“Tbilisi is my second home and whenever I feel homesick when I am abroad and my friends ask for which home, I answer ‘Tbilisi, of course’”

I lived in the Sololaki district writing various articles and making translations to and from all languages I knew. When the revolution in Ukraine began, the amount of incoming orders dropped, making it far more difficult to earn a living; luckily, my Georgian friends assisted me a lot in the time of hardship. Later the Georgian National Tourism Administration offered me to write articles about Georgia for them, since they were looking for a person who could write in several languages in an unusual and interesting way. I agreed and we started to cooperate; I moved to a new apartment and things went well, but in the meanwhile, the situation in my home city of Donetsk got significantly worse. I received offers from Deutsche Welle and a few other companies to work abroad, but I refused and preferred to stay here, because I think that here lies my “battlefield.”

Aside from introducing Georgia to foreigners and writing articles, my hobby is to guide the newcomers and tourists from different parts of world around the city and show them some of the more exquisite places that trip advisors usually do not mention. Actually, my dream is to publish my own guidebook and currently I am collecting materials for it. In addition, my friends and I have launched a new project dedicated to safe driving and road crossing in Tbilisi and the whole of Georgia named, “This is Zebra.” Since I am planning to stay and live here, I want to be sure that my kids will always cross the road safely. geotv.ge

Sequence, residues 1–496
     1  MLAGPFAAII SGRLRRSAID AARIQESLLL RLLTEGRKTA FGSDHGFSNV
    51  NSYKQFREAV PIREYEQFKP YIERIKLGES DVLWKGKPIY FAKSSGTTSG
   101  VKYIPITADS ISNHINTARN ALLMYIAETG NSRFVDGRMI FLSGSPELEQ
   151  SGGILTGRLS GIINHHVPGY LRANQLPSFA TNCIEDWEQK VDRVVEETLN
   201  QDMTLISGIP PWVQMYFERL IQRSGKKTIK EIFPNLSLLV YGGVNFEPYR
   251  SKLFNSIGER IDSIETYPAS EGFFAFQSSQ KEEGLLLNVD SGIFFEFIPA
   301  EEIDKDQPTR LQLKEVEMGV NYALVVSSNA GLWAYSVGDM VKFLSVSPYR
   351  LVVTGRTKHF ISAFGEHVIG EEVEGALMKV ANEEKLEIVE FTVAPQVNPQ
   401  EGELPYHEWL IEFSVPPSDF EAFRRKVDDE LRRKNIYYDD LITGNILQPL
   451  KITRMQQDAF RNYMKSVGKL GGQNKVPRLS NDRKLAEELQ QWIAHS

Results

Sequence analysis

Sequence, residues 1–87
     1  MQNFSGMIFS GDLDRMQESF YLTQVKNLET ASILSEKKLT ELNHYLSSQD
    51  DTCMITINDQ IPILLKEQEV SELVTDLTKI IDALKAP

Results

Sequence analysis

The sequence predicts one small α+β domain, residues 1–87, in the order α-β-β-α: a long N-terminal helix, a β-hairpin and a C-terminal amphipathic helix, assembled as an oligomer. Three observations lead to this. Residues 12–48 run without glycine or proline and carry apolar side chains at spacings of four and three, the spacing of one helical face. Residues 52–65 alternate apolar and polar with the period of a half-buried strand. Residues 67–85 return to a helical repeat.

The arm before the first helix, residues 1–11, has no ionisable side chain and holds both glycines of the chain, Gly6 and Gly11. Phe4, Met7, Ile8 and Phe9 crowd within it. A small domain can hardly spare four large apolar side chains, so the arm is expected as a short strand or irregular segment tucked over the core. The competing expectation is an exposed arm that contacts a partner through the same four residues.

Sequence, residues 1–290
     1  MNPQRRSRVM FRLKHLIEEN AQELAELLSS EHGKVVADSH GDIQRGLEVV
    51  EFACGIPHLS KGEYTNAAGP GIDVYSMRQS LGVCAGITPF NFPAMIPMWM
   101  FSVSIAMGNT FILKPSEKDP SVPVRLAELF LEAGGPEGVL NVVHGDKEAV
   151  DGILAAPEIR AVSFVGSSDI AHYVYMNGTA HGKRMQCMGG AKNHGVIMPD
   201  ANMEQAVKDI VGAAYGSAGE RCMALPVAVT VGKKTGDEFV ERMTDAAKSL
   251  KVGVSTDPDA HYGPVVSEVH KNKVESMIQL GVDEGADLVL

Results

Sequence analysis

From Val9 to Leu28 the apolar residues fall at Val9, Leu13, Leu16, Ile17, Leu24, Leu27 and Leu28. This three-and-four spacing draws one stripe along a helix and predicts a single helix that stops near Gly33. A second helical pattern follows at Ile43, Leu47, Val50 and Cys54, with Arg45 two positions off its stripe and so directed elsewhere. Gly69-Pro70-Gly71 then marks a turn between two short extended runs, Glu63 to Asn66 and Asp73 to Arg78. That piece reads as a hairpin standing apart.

– You have been around Georgia a lot and are well accustomed to its culture. Could you tell us about your favorite places and national dishes?


– My favorite region in Georgia is Svaneti. My closest friend is from Ushguli (a village in Svaneti, the highest inhabited place in Europe) and correspondingly, I have seen and learned a lot about this part of the country, its history and culture. I was fortunate enough to ride a horse and see some of the things that only locals know about. I like being in that area so much because here I feel so calm and relaxed. When looking at Mount Ushba, I think to myself about how long it has been standing here and how many things it has witnessed. Here I am, with my little problems, sharing my thoughts with this great mountain.

Looking inside a kvevri, in Napareuli, Kakheti
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Blue Abudelauri Lake